Just what is "one bit of computer memory"?
These days, the capacity of a computer memory is generally measured in "bytes", and one "byte" is eight "bits". Note 1 Of course, one byte isn't worth much, so the word "byte" is modified by the usual metric prefixes. A "megabyte" is roughly one million (1,000,000) bytes, a "gigabyte" is about one billion (1,000,000,000) bytes, and so
on. Note 2 But each of these bytes comprises eight bits.
But what is "one bit" of memory? The word "bit" in this context is not the same word we use casually in everyday speech, as in, "There's a bit of pie left in the fridge." A "bit" of computer memory is precisely defined as the amount of memory needed to distinguish between two alternatives (the word originally stood for "binary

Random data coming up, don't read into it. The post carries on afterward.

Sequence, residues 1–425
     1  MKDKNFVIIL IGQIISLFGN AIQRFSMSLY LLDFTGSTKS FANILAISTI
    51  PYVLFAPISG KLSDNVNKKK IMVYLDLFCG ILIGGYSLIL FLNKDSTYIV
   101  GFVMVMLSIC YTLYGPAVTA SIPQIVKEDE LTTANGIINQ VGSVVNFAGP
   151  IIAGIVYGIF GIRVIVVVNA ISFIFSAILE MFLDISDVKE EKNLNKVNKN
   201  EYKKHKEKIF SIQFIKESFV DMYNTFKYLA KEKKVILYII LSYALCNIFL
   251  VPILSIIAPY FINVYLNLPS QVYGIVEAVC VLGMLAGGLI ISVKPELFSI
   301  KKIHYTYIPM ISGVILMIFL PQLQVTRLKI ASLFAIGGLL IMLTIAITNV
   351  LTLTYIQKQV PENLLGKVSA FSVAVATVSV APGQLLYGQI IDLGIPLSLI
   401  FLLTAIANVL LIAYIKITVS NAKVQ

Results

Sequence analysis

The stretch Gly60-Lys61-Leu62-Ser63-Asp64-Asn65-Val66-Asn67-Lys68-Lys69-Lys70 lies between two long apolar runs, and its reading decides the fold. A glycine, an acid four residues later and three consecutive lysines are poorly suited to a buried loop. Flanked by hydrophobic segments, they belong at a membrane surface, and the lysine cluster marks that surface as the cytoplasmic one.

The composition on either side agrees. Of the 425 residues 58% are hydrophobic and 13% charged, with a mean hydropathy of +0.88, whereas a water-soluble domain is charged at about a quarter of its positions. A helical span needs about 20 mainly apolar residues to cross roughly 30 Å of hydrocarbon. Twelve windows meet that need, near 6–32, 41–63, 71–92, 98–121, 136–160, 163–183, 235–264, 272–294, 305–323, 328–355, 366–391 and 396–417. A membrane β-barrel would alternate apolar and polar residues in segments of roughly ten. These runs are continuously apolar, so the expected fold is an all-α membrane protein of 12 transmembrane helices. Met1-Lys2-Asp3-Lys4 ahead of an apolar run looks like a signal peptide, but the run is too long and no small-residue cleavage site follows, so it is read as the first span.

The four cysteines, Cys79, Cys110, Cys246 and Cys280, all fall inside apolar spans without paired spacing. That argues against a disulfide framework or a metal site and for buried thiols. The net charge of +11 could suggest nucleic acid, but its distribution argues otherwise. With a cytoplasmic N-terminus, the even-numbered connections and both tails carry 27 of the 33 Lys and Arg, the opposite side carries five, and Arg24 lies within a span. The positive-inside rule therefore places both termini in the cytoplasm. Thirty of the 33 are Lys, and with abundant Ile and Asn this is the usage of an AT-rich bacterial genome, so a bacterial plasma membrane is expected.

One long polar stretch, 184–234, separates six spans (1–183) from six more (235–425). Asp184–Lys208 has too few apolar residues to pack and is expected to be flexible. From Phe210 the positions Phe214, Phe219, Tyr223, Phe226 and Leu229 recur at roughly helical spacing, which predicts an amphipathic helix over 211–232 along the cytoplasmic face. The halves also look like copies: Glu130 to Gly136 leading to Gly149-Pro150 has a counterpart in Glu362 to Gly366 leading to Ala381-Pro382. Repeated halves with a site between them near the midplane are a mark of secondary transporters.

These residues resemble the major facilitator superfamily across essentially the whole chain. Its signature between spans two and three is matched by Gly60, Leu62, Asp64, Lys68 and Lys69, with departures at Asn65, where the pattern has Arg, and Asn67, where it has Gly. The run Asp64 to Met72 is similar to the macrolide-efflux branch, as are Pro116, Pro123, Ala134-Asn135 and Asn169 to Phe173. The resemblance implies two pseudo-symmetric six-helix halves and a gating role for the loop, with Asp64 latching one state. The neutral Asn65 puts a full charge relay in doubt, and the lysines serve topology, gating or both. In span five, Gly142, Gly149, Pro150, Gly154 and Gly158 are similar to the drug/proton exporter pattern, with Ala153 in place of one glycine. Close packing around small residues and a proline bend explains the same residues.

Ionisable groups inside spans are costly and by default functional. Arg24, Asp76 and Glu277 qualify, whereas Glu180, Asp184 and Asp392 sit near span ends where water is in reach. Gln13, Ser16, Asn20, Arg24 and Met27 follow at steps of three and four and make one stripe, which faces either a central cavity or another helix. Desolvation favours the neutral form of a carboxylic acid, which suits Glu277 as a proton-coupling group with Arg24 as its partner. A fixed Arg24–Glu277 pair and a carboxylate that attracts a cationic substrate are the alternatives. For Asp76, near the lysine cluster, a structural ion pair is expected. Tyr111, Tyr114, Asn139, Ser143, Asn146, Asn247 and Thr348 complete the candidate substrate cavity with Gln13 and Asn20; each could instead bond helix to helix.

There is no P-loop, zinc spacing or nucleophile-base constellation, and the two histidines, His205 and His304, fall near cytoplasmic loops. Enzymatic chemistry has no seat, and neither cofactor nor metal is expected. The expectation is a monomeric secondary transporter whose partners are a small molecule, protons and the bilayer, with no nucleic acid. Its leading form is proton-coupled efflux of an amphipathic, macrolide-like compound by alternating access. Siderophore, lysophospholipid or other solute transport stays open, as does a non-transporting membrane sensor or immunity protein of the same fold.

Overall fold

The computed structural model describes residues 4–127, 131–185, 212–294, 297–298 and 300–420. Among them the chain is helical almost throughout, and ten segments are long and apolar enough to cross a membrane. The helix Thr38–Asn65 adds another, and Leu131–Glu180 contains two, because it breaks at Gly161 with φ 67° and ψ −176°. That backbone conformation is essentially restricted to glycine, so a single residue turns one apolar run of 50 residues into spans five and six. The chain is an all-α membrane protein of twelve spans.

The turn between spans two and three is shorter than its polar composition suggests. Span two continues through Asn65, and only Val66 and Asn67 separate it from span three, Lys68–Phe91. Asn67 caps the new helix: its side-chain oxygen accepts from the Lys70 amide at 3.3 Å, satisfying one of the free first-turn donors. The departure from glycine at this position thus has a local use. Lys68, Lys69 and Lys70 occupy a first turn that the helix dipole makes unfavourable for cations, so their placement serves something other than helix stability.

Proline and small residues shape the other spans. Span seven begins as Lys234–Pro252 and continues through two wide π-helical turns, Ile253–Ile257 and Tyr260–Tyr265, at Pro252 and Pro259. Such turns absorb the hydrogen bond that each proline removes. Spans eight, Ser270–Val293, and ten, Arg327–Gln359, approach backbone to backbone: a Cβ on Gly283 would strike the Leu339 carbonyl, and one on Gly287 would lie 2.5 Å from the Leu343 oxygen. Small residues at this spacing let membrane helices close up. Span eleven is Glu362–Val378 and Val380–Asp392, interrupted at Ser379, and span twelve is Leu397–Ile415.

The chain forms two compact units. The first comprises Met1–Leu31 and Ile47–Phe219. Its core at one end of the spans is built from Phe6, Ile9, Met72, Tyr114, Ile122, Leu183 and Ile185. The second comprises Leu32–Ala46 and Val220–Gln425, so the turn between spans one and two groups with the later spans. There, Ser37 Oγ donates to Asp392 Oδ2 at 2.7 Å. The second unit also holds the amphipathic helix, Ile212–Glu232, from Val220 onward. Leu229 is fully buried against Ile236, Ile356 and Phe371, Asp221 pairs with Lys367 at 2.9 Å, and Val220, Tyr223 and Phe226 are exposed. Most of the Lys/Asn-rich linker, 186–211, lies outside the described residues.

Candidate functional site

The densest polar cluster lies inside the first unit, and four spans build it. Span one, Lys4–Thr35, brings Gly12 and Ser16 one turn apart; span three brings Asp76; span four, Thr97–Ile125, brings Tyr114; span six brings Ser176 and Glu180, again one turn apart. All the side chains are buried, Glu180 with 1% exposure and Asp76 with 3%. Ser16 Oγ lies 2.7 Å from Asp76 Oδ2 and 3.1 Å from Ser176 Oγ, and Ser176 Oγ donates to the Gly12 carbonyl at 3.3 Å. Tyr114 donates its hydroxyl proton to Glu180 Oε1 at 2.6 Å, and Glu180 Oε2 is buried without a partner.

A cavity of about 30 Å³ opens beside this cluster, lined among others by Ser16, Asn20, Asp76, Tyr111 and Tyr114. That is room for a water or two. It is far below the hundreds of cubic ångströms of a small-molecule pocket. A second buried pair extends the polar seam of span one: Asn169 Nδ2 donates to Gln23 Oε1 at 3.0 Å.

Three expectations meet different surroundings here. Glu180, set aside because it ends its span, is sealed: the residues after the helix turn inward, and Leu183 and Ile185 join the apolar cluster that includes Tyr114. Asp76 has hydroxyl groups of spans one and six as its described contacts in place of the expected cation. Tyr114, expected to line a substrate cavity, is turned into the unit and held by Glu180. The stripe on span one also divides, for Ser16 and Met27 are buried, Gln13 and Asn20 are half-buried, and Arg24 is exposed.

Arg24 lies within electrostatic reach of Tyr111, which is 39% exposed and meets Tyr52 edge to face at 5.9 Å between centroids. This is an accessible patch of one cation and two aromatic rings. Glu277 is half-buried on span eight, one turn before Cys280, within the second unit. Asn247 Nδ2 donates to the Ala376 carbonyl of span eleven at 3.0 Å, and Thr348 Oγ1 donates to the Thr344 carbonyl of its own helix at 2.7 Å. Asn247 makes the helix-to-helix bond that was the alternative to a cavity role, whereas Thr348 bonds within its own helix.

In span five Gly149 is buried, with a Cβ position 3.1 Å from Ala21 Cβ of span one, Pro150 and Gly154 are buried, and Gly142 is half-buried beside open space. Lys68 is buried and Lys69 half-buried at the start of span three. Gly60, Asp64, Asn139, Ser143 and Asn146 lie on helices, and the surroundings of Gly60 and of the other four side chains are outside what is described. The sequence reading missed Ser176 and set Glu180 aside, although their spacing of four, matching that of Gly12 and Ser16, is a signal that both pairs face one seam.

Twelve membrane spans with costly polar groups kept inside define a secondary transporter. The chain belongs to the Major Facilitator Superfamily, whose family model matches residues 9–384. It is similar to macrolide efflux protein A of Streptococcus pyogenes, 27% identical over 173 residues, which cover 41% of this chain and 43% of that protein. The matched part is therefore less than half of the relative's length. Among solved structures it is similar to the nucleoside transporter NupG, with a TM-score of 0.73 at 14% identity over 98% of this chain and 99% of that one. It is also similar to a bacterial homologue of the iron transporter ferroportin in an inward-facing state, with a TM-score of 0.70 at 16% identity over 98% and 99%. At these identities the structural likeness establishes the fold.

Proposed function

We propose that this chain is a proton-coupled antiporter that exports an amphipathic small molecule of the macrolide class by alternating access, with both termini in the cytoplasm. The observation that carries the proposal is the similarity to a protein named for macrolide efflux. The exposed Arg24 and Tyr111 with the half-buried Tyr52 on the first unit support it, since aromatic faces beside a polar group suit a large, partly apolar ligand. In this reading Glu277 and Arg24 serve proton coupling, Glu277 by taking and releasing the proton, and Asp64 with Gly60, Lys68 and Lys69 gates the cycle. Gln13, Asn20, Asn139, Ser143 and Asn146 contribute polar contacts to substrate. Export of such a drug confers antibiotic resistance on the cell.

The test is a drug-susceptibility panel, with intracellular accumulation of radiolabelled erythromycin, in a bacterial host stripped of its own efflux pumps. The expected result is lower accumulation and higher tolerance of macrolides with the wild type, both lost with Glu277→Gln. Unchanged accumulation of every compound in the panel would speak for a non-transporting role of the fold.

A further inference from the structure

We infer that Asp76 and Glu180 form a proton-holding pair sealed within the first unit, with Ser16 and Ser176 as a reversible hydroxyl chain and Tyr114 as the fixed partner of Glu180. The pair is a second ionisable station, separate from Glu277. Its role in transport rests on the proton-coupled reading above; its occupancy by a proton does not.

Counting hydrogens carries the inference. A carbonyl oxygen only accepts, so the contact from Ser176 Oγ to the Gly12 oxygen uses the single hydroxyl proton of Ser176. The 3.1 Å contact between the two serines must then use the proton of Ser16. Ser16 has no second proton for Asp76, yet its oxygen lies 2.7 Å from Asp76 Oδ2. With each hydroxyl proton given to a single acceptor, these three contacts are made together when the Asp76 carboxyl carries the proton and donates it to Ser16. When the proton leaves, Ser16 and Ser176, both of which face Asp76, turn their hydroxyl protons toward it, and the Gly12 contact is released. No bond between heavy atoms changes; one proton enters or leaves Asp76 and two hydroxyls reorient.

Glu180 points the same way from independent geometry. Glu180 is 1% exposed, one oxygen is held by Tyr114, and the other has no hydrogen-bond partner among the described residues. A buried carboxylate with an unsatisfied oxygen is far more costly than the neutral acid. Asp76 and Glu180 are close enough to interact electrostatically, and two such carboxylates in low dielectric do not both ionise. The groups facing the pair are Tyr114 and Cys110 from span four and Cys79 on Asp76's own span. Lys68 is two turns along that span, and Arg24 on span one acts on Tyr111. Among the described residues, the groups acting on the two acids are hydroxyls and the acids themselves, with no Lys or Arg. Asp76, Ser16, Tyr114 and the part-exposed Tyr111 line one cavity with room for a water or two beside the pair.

digit"). You could use one bit of memory to remember, for instance, whether or not it rained in Seattle on a particular date in April. One bit can be used because the answer is either YES or NO. Note 3
What's a common memory device that can store exactly one bit? Well, look below: an ordinary light switch. It has exactly two states, OFF and ON. There is a "set" operation that turns it from OFF to ON, and a "reset" operation that turns it from ON to OFF. And in between, it will retain ("in memory") whatever state it was last left in.
And that's it. I'll bet you didn't know your house was full of one-bit, non-volatile memories (non-volatile means it retains its state even in the absence of power). I might mention that in the computer field, instead of labeling the two states OFF and ON, they are generally called "0" (zero) and "1" (one).